Though NBC President Robert C. Wright was named vice chairman of NBC parent General Electric's board of directors last week, some Wall Street analysts say the elevation does not put him among the contenders to replace chairman and CEO John F. Welch, who is retiring in April 2001.
Wright, 57, was also named a GE executive officer and member of GE's corporate executive office. He'll continue to serve as president and CEO of NBC.
The appointment raises eyebrows because it comes at a time of transition for GE, due to Welch's imminent departure. Three executives have been identified as the top contenders to replace him: Jeffrey Immelt (medical systems); James McNerney (aircraft engines) and Bob Nardelli (power systems).
GE declined comment on the succession issue. But a spokeswoman did say Wright's appointment signals that he will be "one of the forces helping to shape the future of the new GE."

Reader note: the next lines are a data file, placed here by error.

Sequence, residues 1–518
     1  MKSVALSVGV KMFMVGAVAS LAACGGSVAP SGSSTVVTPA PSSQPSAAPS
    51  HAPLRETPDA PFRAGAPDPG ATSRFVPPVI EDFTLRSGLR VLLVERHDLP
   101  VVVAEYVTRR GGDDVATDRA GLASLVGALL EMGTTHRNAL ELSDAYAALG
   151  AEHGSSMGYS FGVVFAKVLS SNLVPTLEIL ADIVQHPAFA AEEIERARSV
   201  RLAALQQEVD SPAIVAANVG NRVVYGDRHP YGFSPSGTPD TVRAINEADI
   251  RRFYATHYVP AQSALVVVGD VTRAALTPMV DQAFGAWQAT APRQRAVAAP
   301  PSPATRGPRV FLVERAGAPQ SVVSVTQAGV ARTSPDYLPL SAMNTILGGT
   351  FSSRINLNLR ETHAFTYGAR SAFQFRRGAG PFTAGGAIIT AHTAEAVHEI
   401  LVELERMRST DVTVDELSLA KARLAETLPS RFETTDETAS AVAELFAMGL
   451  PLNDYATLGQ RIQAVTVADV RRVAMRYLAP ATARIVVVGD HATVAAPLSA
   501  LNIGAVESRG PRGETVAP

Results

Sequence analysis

A buoyant Wright told Broadcasting & Cable last week that his appointment "is a good recognition of NBC and its success, and it's certainly great for me and hopefully great for GE. But I am keeping my day job."
As to exactly what his new duties will entail, aside from guiding NBC, Wright replied: "We have to let a little bit of time go by. They didn't give me a list.
"We're obviously going through a transition with the chairman so there's going to be a lot of things going on in the next six months, and I'll try to pitch in wherever I can be of value."
Wright becomes the second of two vice chairmen at GE, the other being Dennis Dammerman, CEO of GE Capital.
Commenting on the appointment, GE chairman Welch said, "Bob's a visionary with a great strategic mind, and he's a strong business leader..His insights over a long GE career have been invaluable and [he] will be a key force in guiding the company's future growth."
Wright has worked at GE most of his career, the past 14 as head of NBC, where at the start he was considered to be a fish out of water, particularly given that he was replacing television veteran Grant Tinker.
Since then, he has turned NBC into a multifaceted powerhouse.